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Mtowner 11-02-2010 01:18 PM

Side walk replacement
The side walk pad has sunk where Istep up to the cement pad for the front stoop. It is a rather new home and I've been told by neighbors that the area has been filled in to make grade when the hous was built. It is only one pad of the 50' side walk and I would like to remove the one pad, fill to level, and repour.
My 2 part Question:
How do you mix the cement (what is the receipe) and How do you finish concrete. It is a sidewalk pad , 3'X6', 4" thick..
Any help is welcome

DrHicks 11-02-2010 04:23 PM

I'll assume you've never done any concrete work before...

That said, the BEST thing you could do is find out if you have a friend, neighbor and/or relative who you could pay to help you. This isn't a difficult job, but must be done correctly or the end result will be worse than when you started. So...

To remove the sunken slab, you'll need to pry up a corner (with a long heavy bar & wood blocks) and break it apart with a sledge hammer. Get if off the ground or you won't be able to break it.

Build forms, using 2x4s with "form stakes." Match one end of the forms to the pre-existing sidewalk. Make sure they're level from the stoop to the old sidewalk, but have one side slightly lower than the other (a perfectly flat & level sidewalk doesn't drain water). If it were my project, I'd put an "expansion joint" on the stoop end of the new sidewalk slab.

Pour some heavy-grade gravel into where you'll pour your pad. Level it out and tamp it down good. Without this base, your new pad will sink just like the old one.

For mixing the concrete, I'd suggest renting a small portable mixer like this. It will cost a little ($50 maybe), but will be worth it. Each bag will have instructions regarding how to calculate the amount needed. Pick up and extra bag or two. You can always take them back, but you do not want to run out in the middle of the job.

Mix 1-2 bags at a time. Use your garden hose and spray in water while the mixer is running. It is hard to describe the right consistency of the concrete, without calling it a "slump test," but roughly speaking, it should be about the consistency of pudding (maybe a bit stiffer). Smooth each "dump" of concrete with a small shovel until you have all the concrete you need in the forms.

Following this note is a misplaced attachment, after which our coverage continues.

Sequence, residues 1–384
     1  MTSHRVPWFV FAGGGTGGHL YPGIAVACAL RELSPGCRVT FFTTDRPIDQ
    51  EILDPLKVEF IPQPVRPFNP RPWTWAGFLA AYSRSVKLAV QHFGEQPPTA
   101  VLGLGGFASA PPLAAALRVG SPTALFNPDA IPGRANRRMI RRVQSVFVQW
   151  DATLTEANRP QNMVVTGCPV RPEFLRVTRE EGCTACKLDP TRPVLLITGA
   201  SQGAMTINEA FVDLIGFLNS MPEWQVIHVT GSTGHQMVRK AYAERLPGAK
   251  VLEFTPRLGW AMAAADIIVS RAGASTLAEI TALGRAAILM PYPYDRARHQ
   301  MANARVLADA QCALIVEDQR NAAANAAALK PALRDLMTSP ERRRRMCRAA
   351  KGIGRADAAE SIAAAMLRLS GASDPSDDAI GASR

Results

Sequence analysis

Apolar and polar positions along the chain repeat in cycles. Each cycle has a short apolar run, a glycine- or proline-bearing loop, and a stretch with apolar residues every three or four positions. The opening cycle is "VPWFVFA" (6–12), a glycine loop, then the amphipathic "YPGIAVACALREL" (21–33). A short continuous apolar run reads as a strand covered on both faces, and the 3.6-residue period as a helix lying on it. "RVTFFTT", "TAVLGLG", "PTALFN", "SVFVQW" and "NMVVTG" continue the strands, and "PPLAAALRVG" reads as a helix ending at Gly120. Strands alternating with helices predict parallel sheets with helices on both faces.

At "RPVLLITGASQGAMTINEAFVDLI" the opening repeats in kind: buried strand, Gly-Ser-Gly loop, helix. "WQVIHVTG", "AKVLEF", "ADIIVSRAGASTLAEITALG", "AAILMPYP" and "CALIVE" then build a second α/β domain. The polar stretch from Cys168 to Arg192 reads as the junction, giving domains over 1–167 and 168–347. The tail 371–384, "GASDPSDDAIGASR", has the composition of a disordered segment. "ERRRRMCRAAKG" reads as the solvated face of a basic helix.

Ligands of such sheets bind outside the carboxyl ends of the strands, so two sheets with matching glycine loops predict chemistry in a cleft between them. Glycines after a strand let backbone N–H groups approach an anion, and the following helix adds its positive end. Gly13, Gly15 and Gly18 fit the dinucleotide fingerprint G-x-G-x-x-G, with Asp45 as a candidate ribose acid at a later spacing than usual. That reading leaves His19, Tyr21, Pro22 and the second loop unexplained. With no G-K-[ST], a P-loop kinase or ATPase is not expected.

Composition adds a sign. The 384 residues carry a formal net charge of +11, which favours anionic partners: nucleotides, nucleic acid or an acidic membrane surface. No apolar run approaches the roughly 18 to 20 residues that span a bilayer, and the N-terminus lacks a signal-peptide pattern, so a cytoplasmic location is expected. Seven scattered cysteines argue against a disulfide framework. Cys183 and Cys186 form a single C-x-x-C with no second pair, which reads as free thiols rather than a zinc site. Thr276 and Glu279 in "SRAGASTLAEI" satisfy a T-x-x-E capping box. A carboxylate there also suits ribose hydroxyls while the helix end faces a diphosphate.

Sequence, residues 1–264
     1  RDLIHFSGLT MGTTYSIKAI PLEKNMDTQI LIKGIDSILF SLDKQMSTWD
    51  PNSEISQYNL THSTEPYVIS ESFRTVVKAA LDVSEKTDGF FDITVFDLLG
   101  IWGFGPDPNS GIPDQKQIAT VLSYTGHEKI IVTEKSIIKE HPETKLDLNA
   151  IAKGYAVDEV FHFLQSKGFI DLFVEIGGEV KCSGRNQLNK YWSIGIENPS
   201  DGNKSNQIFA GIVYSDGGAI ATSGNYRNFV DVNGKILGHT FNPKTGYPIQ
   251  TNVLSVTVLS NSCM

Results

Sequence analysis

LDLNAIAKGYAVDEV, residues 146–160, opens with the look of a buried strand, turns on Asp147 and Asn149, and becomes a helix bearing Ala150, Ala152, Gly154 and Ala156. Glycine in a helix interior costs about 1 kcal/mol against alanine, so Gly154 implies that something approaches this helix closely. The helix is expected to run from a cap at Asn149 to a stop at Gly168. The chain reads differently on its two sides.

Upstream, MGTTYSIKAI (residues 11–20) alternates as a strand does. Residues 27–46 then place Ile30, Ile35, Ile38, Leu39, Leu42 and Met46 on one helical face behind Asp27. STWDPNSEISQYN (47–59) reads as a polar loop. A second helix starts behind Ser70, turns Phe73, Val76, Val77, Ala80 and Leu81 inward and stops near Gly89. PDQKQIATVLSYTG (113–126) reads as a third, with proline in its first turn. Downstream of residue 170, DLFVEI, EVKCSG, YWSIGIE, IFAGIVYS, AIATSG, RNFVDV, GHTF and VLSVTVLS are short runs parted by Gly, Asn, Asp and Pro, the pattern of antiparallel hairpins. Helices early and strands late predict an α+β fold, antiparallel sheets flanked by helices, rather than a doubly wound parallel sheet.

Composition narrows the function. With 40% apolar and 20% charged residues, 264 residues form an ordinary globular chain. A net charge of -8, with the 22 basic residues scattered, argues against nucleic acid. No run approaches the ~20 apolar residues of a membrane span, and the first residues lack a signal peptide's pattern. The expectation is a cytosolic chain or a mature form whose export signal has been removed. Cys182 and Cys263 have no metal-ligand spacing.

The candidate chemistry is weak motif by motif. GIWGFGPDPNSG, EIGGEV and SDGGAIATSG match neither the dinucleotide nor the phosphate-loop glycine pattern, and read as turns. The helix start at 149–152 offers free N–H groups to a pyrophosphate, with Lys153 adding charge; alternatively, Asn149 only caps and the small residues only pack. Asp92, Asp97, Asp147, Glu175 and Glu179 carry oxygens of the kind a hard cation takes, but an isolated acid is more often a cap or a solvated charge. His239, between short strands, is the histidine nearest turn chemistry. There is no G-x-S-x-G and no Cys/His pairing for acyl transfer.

Run a "screed board" (probably a 4' 2x4) across the forms to do the first leveling of the concrete. Fill in any low spots & re-screed.

If you don't have any kind of float, and don't want to buy one, you can use a short 2x4 (maybe about 1' in length) for the next smoothing.

After the concrete has set for a few minutes, use a hand trowel to finish the smoothing process. There is no magic to this, other than keeping the front edge of the trowel a bit higher than the back edge (not doing this will make you dig into the concrete).

For the best finished look, you'll want to "edge" your concrete as well.

It's kind of hard to describe, but not terribly difficult to do - assuming you take your time and carefully do things right.

AlwaysOneMoreProject 11-02-2010 05:27 PM

Broom after trowelling?

Mtowner 11-03-2010 07:03 AM

Should I broom the concrete after trowelling or just let it "as is" after trawelling. I really am new at this cement work and just want it to look OK

AlwaysOneMoreProject 11-03-2010 08:28 AM

I wouldn't trowel it. I'd screed, float, broom and then edge. Trowelling gives concrete that really smooth finish that's like ice when wet.

Also, I'm guessing that your walkway is light in color. You don't want to use bagged concrete for your project because it'll look awful because the bagged stuff is very dark.

I'd just order ready-mix. It may not match perfectly but it'll look professional and the cost of bagged white cement is so high, you may only pay a very small net amount for delivery.

I'd also build a little 2x4 form and a few bags of concrete and practice a few times to get my timing right. First time around, you'll probably over work it and you don't want to do that on the side walk.

DrHicks 11-03-2010 09:39 AM

^^ Good points. The only thing I'd disagree with - and this is just an opinion as to whether it's worth it - is ordering ReadyMix. He's needing less than 1 yard of concrete, and the ReadyMix company will almost certainly tack a "small load" fee on. It'd be nice, and convenient, but he may pay $150 or more for less than a yard of ReadyMix.

On the other hand, it might be worth it to him.

Redbirdseven 11-03-2010 02:49 PM

someone spoke above about ordering ready mix. You will not be able to order such a small amount as you will be needing for your project. Go ahead and mix up a sample from your bag mix and spread it out and let it dry to see what the color will be. If it is to dark then get some color to add to your mix to lighten it up. Try another test to see if you are close enough to match what you have in the side walk. Doing this is not hard and you will be able to match almost any thing in the future also.

AlwaysOneMoreProject 11-03-2010 03:34 PM

6 cubic' means he'll need two bags of white cement, iirc. That's $30. Then, he'll need some gravel, sand and a mixer. I'm thinking talk to neighbors who might want to share the cost of ready mix. :D

Can you dye concrete white?

astin 11-03-2010 04:30 PM

The concrete bag has instructions on it. Just follow the directions and it will be very easy.

DrHicks 11-04-2010 06:50 PM


Originally Posted by AlwaysOneMoreProject (Post 50719)
6 cubic' means he'll need two bags of white cement, iirc. That's $30. Then, he'll need some gravel, sand and a mixer. I'm thinking talk to neighbors who might want to share the cost of ready mix. :D

Can you dye concrete white?

Actually, you can get the pre-mixed stuff that only needs water added to it.

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